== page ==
I thought I should update, since people are going to stop reading this pretty soon otherwise. I wanted to write about Harry Potter, but I know not everyone has read it yet. I’m about a hundred pages from the end—which will probably be reached tonight. I can’t wait to find out what happens.
I will just say this though—J.K. Rowling isn’t kidding around when she says they’re growing up. One of the characters says, “this effing book…” at one point, and I nearly hit the roof thinking “omygosh, they’re SWEARING!” since “effing” is sort of the British equivalent of “frickin’” and we all know what that means.
So that got me thinking about the Harry Potter Phenomena in general, and, more specifically, my place in it. And I thought I would share with all of you, loyal readers, how I came to know and love the Boy Who Lived.
I started reading the books back around Christmas in 1998. The first three books had just been released in hardcover by Scholastic, and they were flying off the shelves at the bookstore where I was working. Literally. Could not keep them in stock. You weren’t reading about them in the papers yet, but frazzled parents were calling at all hours, asking for the “Harry Potter books” –and not just the first one either. They would come in and drop seventy five dollars for three books without blinking. After Christmas things slowed down a bit, and I was stationed in the calendar kiosk out in the mall. Who buys a calendar after the New Year? No one, apparently, so the store let me read at night, when things were slow. I decided to find out what all the fuss was about. I remember being about halfway through “Chamber of Secrets” (that’s #2) when I was interrupted by a mom returning her calendar. The little kid with her stopped in his tracks when he saw the book I was holding, and said, eyes as wide as Dobby’s: “You’re reading Harry Potter?” That was when I began to suspect I had joined a secret club.
The books were good, but not amazing. They were entertaining, but I felt no real kinship with them. Two years later, in 2000, I was working up in Door County, alongside some girls from Russia, who wanted to go shopping. Naturally, the only place I could think of was the mall in Ashwaybenon. Being Russian, they were a great deal smaller than me, so I spent a lot of time forlornly perched on a bench, waiting for them to exhaust Old Navy. I had seen a sign in a bookstore in DC warning “Muggles Beware!” so I was sort of vaguely aware that the fourth book had arrived, but it never occurred to me to buy it ($28 is a lot of money for a book!) until I wandered into Waldenbooks and started reading the first chapter. I was hooked. Something had happened in the intervening years, and I couldn’t wait to find out what happened to Harry. I bought the book and finished it off that night after one marathon seven-hour reading session.
Then came the Long Dry Spell that all HP fans will know and shudder at in remembrance. JK Rowling had been churning out a book a year and now, with the book’s popularity ensured, she had demanded a break from her publisher. Three years. THREE YEARS went by before we even got a whiff of a title. Three years of waiting, wondering what was going on. I discovered mugglenet.com for the first time—I discovered that other people my age read these books. Conversations began about the motivations and analysis of characters. Meanwhile, the rest of the world caught on the Harry Potter, so when “Phoenix” finally was released, the hoorah was unbelieveable. I was a little put off by all the fair-weather fans, but, eh, the more the merrier. Barnes and Nobles had finally opened a store in Ashwaubs, and they were hosting a midnight party. I didn’t go—I was working at the mill that summer, and had to get up at 4:00AM—but I did get up for a couple hours so I could buy the book soon after it went on sale. That’s the only time I ever dressed up, and the only time I went to a midnight party.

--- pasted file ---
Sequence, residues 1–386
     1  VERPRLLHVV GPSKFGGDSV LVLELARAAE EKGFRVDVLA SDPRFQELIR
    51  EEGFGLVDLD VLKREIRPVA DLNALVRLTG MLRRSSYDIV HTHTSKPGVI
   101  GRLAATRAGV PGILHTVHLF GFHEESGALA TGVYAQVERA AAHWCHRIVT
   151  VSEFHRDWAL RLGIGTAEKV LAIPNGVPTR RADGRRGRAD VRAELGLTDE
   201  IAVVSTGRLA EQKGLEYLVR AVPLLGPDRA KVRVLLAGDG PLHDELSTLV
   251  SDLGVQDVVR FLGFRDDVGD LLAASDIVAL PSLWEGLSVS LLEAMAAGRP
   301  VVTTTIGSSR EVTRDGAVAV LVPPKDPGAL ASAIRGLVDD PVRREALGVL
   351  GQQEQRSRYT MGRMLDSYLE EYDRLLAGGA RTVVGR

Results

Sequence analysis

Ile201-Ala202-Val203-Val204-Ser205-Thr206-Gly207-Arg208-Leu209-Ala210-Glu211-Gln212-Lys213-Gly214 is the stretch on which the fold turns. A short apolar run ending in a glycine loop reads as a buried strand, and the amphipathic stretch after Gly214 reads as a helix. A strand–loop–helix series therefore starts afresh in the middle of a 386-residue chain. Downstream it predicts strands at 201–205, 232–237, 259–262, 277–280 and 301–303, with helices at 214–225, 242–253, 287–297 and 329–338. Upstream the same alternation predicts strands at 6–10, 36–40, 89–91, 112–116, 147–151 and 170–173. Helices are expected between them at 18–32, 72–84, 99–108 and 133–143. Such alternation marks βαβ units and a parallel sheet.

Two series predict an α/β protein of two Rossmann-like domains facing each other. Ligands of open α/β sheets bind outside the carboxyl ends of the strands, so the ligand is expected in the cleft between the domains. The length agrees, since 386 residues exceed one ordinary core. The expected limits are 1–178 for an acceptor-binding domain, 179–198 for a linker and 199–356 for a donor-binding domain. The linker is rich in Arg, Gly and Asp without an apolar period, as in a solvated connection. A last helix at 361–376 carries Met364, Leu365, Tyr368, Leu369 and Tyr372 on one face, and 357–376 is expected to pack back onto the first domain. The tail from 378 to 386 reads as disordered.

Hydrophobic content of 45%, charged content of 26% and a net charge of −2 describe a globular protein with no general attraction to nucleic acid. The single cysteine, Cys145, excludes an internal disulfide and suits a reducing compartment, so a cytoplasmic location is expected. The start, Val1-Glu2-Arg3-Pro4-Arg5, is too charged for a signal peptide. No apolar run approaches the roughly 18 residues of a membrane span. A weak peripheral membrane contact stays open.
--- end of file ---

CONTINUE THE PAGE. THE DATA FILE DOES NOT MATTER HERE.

The sixth book came out the summer before I left for London. I bought it the day it came out—sensibly, walking into the store the next morning—and devoured it in a couple days. “Half-Blood Prince” is the book I feel the least connected to: I was separated from it for a long time, and have only read it once. The best part about this book’s release was that I had *finally* managed to convince most of my friends that HP was a series worth reading, and could finally call up a large group of educated, well-read adults and go “squee! Didja finish it yet?!”
And now book 7 is here. I feel a little sad that it’s all over—well, almost over, I haven’t finished it yet—but the waiting, the watching, all the anticipation is done with. I walked into the bookstore here and picked up a copy as natural as anything, and was sad that I would never get the thrill of counting down the days yet. Harry has been like a little fictional brother that I’ve gotten to watch growing up, and now he’s an adult. (Much like watching Daniel Radcliffe grow up…meow!) I haven’t been a fan from the very earliest days, but I have been there since the beginning of the story in the US, and I still feel a little proprietary when I see the giggling teenagers in their lame store-bought Gryffindor scarves. (Hufflepuff House rulz!) These books (1 American paperback, three American hardcovers, 6 Britsh paperbacks, 1 British hardcover and 1 Latin hardcover—and yes, that adds up to more than 7 books in a series) will have a place of pride on my bookshelf for years, next to the Little House books that have been battered about for so long, or my collection of plays or even my collection of books on Nelson (wait—when did I start collecting books about Nelson?). The stories, the books have been intertwined with my own life, so that it will be hard to describe them without including where I was in my life as well at that time.
Here’s to you, Harry, for being such a prominent fixture. Cheers.